Martin Wolf on the Euro Crisis

His latest contribution is here.

11 replies on “Martin Wolf on the Euro Crisis”

“Ms Merkel and Mr Sarkozy are due to hold a call with Greek prime minister George Papandreou tomorrow.”

“Ms Merkel said today she would not let Greece go into uncontrolled insolvency”

Er, does that mean they’re phoning to tell George he’s going to get an orderly default then?

Reading George’s speech on Saturday night, it looked like the words of a very insecure man and to not ‘trail’ the property tax coming the next day suggests that the decision to have it was only actually taken as a rabbit out of the hat at the cabinet meeting on Sunday morning.

Greece has run out of rabbits. Greece is toast.

As for Germany, you really can see them picking up their football and going home for their tea and leaving the other kids standing around with their hands in their pockets, kicking tin cans.

This is a great article from Martin Wolf. One of his best in a while.

People may call me a conspiracy nut but the entire German reaction does not make sense unless you realise that they don’t hold the shiny stuff that is on their books – the man from the US treasuary said no – it stays under Manhattan…. maybe the Germans have no choice unless John McClane is retired and the Gruber brothers are still in business.

Otherwise the solution to the INTERNAL debt problem is simple.

The Bundesbank is a Post war CIA creation after all.
What other country forces itself into mercantile austerity when it has so much wealth ? ah yes Japan , the other colony- something stinks here.

@Mike Hall

That’s a very interesting article – thanks for the link. One line actually made me laugh:

“The ‘growth-friendly’ austerity is a lovely turn of phrase. Who invents this sort of stuff?”

Prof. Mitchell has obviously never met a German PR Guy.

I’m sitting here wondering which card is going to fall first and if it will fall this week.

I wish I could get a recording of that Papend/Merkel/Sarko phone call this evening.

Nice summary article from today’s Guardian.

Jayati Ghosh: “Spooked into austerity, we dig our own grave.”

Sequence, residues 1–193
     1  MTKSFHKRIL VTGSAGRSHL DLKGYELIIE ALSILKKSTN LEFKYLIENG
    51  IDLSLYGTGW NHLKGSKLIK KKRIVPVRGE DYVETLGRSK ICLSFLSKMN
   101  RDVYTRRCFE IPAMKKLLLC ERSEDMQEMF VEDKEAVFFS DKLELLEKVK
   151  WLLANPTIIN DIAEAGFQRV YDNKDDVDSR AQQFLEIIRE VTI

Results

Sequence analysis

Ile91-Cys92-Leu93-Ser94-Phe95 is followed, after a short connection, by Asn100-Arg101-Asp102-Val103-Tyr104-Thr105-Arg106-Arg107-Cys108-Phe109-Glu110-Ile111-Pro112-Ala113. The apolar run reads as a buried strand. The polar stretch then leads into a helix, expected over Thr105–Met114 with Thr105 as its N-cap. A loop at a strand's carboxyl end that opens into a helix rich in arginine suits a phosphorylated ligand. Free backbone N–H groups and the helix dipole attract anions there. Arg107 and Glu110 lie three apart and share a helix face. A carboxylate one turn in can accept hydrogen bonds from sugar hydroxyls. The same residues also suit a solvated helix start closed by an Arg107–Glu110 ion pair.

“So there must be restructuring of the financial system: giant institutions must be downsized; the activities of commercial and investment banking should be clearly separated; and the aim should be more diverse financial systems, with a bigger role for public and co-operative institutions. Commodity markets, which have been subject to wild price swings related to speculative and herd behaviour, need to be made more transparent, with more controls on financial activity and direct intervention when required to curb price bubbles and prevent sharp declines.”

Germany is moving into very deep water with no charts to guide it. Many of the accommodations that followed WW2 are breaking down. Its decision to phase out nuclear power post Fukushima was very rash. It has to decide whether to sink or save the Euro. And it has a real problem in deciding how to proceed with Israel and the movement for a Palestinian state.

2011 ist wirklich verrückt.

I just heard Pat Kenny reporting that Ollie Rehn said a Greek default would affect the whole world. Isn’t it peculiar that a little place like Greece could affect the whole world or is Ollie just bullshitting again?

@Lord Wellington
I am proud of my core beliefs – there is just 2 churches on this earth , the US treasuary & the BIS – they may have merged recently into one unholy alliance.

I hope not – such power corrupts absolutely.

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